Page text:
• Bottle Feed as Soon as I Need to. I don’t want to even attempt describing the emotional roller coaster that breastfeeding Sam (or trying to breastfeed Sam) sent me into two years ago. It’s something I’ll write more about in my second memoir. But I learned this: I’m going to save my family the stress and struggle this time around. Yes, I will give breastfeeding a try while I have extra help at the house. But when my sweet niece leaves to go back to Texas, and when Buc goes back to work, if I don’t have enough milk, I won’t hesitate to introduce formula. God has blessed us with the money to afford this, and I will do what is best for all of us.

For now, those are the big strategy items. Oh yes, and prayer. I will be relying on lots of prayer for strength, energy, and wisdom. If you believe in the power of prayer, I wouldn’t mind if you sent up some extra prayers for me. Beyond that, I’ll also take your second-baby tips in the comments! Thanks in advance; and thanks, as always, for reading.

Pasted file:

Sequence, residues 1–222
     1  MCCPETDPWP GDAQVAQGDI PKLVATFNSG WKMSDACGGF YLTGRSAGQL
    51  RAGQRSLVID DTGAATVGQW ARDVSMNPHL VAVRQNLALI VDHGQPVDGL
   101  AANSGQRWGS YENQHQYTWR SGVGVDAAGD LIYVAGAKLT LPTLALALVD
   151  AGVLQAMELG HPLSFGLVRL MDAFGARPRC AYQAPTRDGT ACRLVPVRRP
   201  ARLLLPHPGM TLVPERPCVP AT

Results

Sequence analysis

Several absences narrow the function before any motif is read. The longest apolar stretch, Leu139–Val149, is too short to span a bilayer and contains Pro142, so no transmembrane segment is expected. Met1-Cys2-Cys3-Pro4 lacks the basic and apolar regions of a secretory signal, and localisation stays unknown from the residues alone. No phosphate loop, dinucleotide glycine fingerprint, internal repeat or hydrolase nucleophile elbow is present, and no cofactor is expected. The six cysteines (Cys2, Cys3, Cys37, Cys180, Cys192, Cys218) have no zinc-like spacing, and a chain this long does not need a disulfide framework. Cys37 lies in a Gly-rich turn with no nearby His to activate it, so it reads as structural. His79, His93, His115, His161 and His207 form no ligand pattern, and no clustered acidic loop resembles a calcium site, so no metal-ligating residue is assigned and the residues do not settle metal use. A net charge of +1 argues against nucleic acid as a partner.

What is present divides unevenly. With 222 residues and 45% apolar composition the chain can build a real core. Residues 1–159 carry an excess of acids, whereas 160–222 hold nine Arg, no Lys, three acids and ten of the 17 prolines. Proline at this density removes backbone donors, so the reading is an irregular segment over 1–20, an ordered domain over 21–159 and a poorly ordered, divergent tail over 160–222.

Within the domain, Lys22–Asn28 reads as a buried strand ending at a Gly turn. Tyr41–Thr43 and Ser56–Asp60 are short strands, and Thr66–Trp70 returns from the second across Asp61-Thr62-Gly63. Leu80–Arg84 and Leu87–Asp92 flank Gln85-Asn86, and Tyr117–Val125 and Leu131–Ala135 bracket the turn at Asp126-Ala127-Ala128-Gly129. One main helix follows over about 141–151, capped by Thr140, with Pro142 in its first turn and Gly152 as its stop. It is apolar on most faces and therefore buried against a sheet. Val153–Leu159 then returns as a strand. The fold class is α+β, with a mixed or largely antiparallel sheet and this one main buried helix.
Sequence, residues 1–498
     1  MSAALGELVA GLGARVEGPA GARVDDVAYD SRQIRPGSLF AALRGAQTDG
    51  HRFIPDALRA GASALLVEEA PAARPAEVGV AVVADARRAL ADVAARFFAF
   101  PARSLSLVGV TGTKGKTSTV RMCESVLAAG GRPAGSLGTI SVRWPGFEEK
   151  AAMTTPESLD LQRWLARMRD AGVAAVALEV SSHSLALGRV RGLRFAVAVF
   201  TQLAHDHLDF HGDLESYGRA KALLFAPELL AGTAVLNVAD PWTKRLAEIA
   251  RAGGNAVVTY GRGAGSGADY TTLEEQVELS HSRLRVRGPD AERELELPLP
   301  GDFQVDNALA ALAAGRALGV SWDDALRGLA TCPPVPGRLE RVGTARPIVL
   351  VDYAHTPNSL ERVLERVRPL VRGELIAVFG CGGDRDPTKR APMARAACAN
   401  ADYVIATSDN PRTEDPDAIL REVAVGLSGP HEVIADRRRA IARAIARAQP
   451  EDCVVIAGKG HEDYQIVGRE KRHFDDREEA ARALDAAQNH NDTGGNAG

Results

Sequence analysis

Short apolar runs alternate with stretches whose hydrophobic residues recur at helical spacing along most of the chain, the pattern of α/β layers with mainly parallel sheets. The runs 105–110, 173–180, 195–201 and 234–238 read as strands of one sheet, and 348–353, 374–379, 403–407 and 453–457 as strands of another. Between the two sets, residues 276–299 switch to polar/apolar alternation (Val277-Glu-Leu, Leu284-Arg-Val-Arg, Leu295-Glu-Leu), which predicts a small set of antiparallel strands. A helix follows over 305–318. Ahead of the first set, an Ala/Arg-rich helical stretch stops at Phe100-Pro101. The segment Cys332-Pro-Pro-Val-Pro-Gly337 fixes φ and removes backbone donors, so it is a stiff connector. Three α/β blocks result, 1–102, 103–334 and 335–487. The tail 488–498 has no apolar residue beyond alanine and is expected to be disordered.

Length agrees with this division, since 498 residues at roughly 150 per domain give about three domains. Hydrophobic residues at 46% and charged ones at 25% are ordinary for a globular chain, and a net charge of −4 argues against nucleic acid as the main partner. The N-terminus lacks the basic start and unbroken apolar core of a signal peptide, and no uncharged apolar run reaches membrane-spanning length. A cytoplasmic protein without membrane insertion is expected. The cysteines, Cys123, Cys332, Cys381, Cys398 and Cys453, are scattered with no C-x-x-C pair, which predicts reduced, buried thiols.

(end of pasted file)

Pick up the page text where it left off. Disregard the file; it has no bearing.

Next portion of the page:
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Nesting, Purging, and Splurging—Hello 2016!

Now that we are home to stay until baby Seth comes, I am in full-on nesting mode. I had nearly the whole main floor of our house painted while we were on our Christmas trip; I have been combing the house for clutter to give away; and I have been comparison shopping for those last needed baby things (double stroller, baby carrier, dresser—anyone want to donate?). I can’t stop thinking and talking about all that needs to get done, and I am driving Buc crazy. “Take a break!” he says. And, “Stop spending my money!”